Michigan Solar Solutions Says Michigan is Poised for ‘Solar Explosion’ in 2010

According to company President Mark Hagerty, the year is shaping up to be "a perfect storm for solar" in the state. "Many people think that solar won’t work in Michigan because it’s too cold and it doesn’t get as much sun as other places, but that’s misconstrued," Hagerty said. "Michigan has an average of 4.2 hours of peak sunlight per day each year. Florida, the ‘Sunshine State’ only has about five hours. Solar panels are less efficient the hotter they get and actually produce more power when it gets cooler. While the Southwest may get more hours of sun, the panels produce less voltage per peak hour because of the heat." He added that in 2008, his company’s solar panels produced 1.2 times the rated output at 10 degrees below zero.

One reason Hagerty says Michigan is the place for solar power in 2010: rising electricity prices and increasing state and federal incentives mean that renewable energy has never been cheaper.

"Incentives are constantly changing and increasing," Hagerty said. "Recently the federal government removed the $2,000 limit on the 30 percent tax credit for renewable energy. Michigan also now has a true Net Metering Law which means that utility companies have to accept any electricity that an owner puts onto the grid. People are recognizing the economic value in renewable energy and jumping on board at an unprecedented rate."

Utility companies are helping with additional incentives. DTE Energy is one example. It is currently piloting a "Solar Currents" program designed to make solar energy more affordable. It has been authorized by the Michigan Public Service Commission to partially reimburse customers for installing solar systems on their homes or businesses. Customers who participate in the program will also receive a credit on their energy bills for the next 20 years (11 cents per kilowatt hour) in addition to federal tax credits and other local incentives.

Consumer’s Energy has also introduced a feed-in tariff to spur more interest in solar. Their program reimburses customers 65.0 cents per kilowatt hour, for approved systems installed by May of 2010, (52.5 cents per kilowatt hour for approved systems installed after May of 2010) for any electricity a customer produces from solar-powered systems. Similar programs in Germany resulted in the creation of 170,000 jobs and the most solar-powered systems installed per capita in the world.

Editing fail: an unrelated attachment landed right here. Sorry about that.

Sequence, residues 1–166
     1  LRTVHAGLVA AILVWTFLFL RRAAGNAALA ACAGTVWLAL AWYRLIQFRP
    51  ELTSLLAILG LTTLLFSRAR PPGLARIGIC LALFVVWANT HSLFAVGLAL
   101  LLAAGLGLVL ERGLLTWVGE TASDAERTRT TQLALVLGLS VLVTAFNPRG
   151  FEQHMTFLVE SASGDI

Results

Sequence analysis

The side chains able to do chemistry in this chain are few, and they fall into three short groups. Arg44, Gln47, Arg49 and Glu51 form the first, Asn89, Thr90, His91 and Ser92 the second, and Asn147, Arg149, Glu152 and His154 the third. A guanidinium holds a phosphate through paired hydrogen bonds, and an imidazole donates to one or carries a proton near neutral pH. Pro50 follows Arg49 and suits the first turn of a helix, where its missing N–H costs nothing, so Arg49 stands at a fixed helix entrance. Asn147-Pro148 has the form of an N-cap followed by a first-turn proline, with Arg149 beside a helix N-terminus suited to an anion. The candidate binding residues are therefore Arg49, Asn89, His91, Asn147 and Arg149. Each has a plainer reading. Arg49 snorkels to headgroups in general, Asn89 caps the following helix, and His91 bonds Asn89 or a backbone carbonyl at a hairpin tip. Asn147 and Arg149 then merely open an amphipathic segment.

"Since Michigan is sunnier than Germany, this is very encouraging," Hagerty said.

Further evidence that the use of solar power is rapidly progressing in Michigan is the fast-paced growth Hagerty’s company has experienced. Michigan Solar Solutions is currently doing as much business in one month as it did throughout all of 2008.

"We’re very busy on a number of solar and wind installations right now," Hagerty said. In addition to numerous residential projects, Michigan Solar Solutions is working on a solar panel array for the offices of a Japanese auto supplier in Farmington Hills. The company is also doing an installation on the press building at the Michigan International Speedway and working closely on a major solar incubator and production plant in Toledo. The plant is part of a plan to create a new solar corridor from Toledo to Dow Chemical Company’s Hemlock Semiconductor in Saginaw along I-75.

Hagerty said his company, which uses Michigan products wherever it can, is planning to add a significant number of employees to its team of four during 2010. Most of them will be drawn from the auto industry and retrained.

Michigan Solar Solutions, LLC is a leader in Michigan for the design, sale and installation of solar and wind energy-producing systems. The company specializes in residential, commercial, municipal and school energy efficiency audits and the installation and maintenance of solar-powered electric and solar thermal home heating/water heating systems. It also specializes in roof-mounted and pole-mounted wind generator systems. Michigan Solar Solutions installs Michigan-made products using Michigan labor wherever possible.